During Easter Week, the international pedagogical conference “Transitions: from Birth to Age 14” was held at the Goetheanum in Dornach, Switzerland. The Goetheanum is the centre of the worldwide network of followers of Rudolf Steiner’s philosophy. People working in education, architecture, medicine, agriculture, music, arts and sciences come together to further develop their work in relation to spiritual science.

The original Goetheanum was made of wood and designed by Steiner using organic architecture, linking each part of the structure with the whole, thereby representing the continuous process of metamorphosis. This structure was destroyed by arson in 1922. Steiner designed the second Goetheanum whose construction began in 1925. He died the same year but left indications for its construction. His remains are buried in the garden. The Goetheanum is a strikingly unique building and visiting it is an unforgettable experience.

It is not only in the Goetheanum where one can witness these architectural characteristics, as other buildings around Dornach also have distinct features. Houses, shops and other buildings are influenced by Steiner’s principles, most notably is the departure from the right-angle as a basis for a building plan. (http://www.goetheanum.org/ )

Our teachers from the Primary School, Karin and Andrea, were overjoyed with the opportunity to attend this conference. They were hosted by a Waldorf gardening teacher and his partner who works at the Goetheanum. It also goes without saying that this would not have been possible without the financial support from the Goetheanum, and in Andrea’s case, two private donors. Having travelled a long way from Guatemala, everybody at the Goetheanum welcomed and supported Escuela Caracol’s endeavours.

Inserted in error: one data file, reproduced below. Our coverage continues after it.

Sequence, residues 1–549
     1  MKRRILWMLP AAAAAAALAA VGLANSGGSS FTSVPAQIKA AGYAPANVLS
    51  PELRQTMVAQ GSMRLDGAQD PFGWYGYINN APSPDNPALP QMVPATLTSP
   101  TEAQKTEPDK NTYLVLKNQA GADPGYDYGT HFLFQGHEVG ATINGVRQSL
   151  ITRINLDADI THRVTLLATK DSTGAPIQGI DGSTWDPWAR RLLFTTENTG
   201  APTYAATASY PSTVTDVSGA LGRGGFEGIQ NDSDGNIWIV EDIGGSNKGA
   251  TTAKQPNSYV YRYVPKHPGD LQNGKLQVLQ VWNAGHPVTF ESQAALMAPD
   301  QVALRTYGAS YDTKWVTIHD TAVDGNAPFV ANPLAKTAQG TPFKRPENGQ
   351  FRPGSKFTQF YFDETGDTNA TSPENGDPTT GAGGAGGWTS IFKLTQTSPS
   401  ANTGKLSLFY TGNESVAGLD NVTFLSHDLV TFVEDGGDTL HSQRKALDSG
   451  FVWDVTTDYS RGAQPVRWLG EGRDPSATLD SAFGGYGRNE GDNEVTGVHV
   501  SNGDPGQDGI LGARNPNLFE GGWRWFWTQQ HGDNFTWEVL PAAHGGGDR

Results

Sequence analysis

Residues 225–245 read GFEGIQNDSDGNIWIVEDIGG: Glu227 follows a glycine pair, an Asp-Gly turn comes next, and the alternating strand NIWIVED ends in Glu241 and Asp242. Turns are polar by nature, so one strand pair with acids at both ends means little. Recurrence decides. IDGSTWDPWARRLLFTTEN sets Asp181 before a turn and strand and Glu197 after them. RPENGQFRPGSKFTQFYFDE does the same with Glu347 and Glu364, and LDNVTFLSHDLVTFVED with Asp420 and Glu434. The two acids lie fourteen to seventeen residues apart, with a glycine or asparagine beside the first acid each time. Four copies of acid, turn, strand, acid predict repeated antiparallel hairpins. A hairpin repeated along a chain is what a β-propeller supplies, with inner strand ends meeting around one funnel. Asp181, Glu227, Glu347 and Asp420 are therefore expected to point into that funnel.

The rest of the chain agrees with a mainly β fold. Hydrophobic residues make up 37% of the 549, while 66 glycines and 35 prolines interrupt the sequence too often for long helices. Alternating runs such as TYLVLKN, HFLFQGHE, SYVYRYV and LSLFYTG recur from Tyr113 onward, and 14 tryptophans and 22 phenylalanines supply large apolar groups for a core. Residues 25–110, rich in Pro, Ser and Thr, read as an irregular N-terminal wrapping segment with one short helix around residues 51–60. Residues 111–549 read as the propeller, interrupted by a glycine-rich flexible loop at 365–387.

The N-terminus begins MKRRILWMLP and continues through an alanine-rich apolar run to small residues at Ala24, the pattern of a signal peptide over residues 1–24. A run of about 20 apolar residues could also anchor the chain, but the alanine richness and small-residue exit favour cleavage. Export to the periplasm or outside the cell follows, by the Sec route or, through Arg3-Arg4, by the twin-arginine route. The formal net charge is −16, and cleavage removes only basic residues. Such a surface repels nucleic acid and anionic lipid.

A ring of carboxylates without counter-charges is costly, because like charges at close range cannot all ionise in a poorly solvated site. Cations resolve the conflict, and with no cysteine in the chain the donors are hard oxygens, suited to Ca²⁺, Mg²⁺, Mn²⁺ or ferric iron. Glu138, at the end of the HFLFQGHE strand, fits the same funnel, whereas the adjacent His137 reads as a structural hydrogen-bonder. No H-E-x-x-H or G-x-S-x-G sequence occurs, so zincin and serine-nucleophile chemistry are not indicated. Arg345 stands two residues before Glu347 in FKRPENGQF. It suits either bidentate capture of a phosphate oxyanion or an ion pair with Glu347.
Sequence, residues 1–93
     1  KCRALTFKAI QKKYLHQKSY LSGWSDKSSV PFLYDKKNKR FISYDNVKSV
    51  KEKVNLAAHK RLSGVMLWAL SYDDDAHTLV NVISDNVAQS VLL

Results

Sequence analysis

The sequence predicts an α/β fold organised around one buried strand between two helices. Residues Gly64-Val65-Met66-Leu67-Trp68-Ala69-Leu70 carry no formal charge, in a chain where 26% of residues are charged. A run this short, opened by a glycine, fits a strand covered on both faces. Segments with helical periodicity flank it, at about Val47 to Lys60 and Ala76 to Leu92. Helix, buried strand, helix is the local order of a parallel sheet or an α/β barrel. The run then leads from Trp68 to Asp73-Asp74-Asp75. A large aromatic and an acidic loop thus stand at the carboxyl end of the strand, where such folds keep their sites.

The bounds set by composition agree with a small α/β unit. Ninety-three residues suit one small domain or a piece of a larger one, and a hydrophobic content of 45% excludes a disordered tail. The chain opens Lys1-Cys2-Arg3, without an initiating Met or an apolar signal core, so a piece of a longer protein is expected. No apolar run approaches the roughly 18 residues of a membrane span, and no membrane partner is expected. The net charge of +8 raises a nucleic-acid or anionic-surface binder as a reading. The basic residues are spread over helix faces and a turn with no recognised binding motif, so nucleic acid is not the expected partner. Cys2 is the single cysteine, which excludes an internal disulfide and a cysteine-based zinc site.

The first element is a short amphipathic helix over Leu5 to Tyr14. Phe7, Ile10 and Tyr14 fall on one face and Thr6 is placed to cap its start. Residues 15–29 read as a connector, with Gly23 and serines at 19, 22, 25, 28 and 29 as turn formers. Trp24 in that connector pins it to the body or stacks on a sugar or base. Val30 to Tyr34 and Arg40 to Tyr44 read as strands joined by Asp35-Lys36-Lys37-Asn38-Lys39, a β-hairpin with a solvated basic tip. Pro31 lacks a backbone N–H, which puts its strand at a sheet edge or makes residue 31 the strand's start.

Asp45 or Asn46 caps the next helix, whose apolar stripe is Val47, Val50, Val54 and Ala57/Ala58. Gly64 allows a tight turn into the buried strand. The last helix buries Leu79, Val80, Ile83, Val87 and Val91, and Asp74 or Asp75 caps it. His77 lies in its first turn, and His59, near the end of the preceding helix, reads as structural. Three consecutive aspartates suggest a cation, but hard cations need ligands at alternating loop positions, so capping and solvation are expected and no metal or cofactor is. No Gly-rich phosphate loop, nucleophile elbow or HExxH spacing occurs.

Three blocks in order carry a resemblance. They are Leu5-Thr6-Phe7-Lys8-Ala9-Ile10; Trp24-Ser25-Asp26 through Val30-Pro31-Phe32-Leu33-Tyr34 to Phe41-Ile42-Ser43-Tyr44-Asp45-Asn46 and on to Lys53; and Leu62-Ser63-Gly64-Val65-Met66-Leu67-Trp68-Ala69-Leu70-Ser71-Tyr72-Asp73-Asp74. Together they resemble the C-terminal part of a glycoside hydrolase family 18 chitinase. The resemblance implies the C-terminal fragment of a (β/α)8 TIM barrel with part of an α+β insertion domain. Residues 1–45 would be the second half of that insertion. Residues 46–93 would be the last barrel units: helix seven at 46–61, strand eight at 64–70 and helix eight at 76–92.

Arrangements were made to set up a table showcasing student work and sharing information about our school and our community. We were one of only four projects permitted to host a table. This generated a lot of attention and helped form some important bonds with other teachers and schools. People were generous and helped with small donations which will go a long way here in Guatemala. In addition, an exclusive time was set aside for the screening of our documentary.

Attending a pedagogical conference such as this one is a tremendous learning opportunity for any Waldorf teacher. It’s an honour to sit in on lectures from people whose books you have read, such as Michaela Glőckler. It is inspiring to hear from experienced teachers and anthroposophists who have been studying and working with these ideas for decades. It is truly moving to meet teachers from around the world, from different cultures and contexts, yet with a common language: love for the child and a belief for a world that can evolve. Over 600 attendees represented five continents and more than 40 countries, such as Nepal, Zimbabwe, New Zealand, Moldova and Chile. They counted on simultaneous translations in six languages. These are opportunities of a lifetime, allowing us as educators to connect with a global community and reminding us that as educators, we carry a greater question about the development of future generations. We are supported to do this work in the world because we are not alone. Yet it is up to each individual to tune into that inner impulse and develop ourselves first as human beings.

Upon their return, Karin and Andrea shared their experience and what they learned with their fellow colleagues. Their presence at the conference represented Escuela Caracol and everybody who supports us.

VIELEN DANK!

Lectures/workshops attended include:

  • “Transitions in Childhood: A Medical View of Crises and their Consequences in Later Life”
  • “Metamorphoses in the Development of the I from Birth to Age Fourteen”
  • “Together in the Stream of Life: Metamorphoses in the Adult’s Inner Attitude in Relation to the Child”
  • “The Shape of Space and Time in Childhood: Building Bridges for Development into the Future”
  • “Abstract Transitions: The Teaching of Mathematics”
  • “Creative Movement”
  • “Religious Education and Multiculturalism in Various Ages in Life”
  • “Birth: The Never-ending Transition”
  • “Schooling Observation in Order to Accompany Transitions”
  • “Waldorf Education in East Africa”
  • “Prevention of Addiction in Kindergarten and School”
  • “Working Hours, Salaries, Pedagogical Meetings: Challenges and New Approaches for Working Together”

This post is also available in: Spanish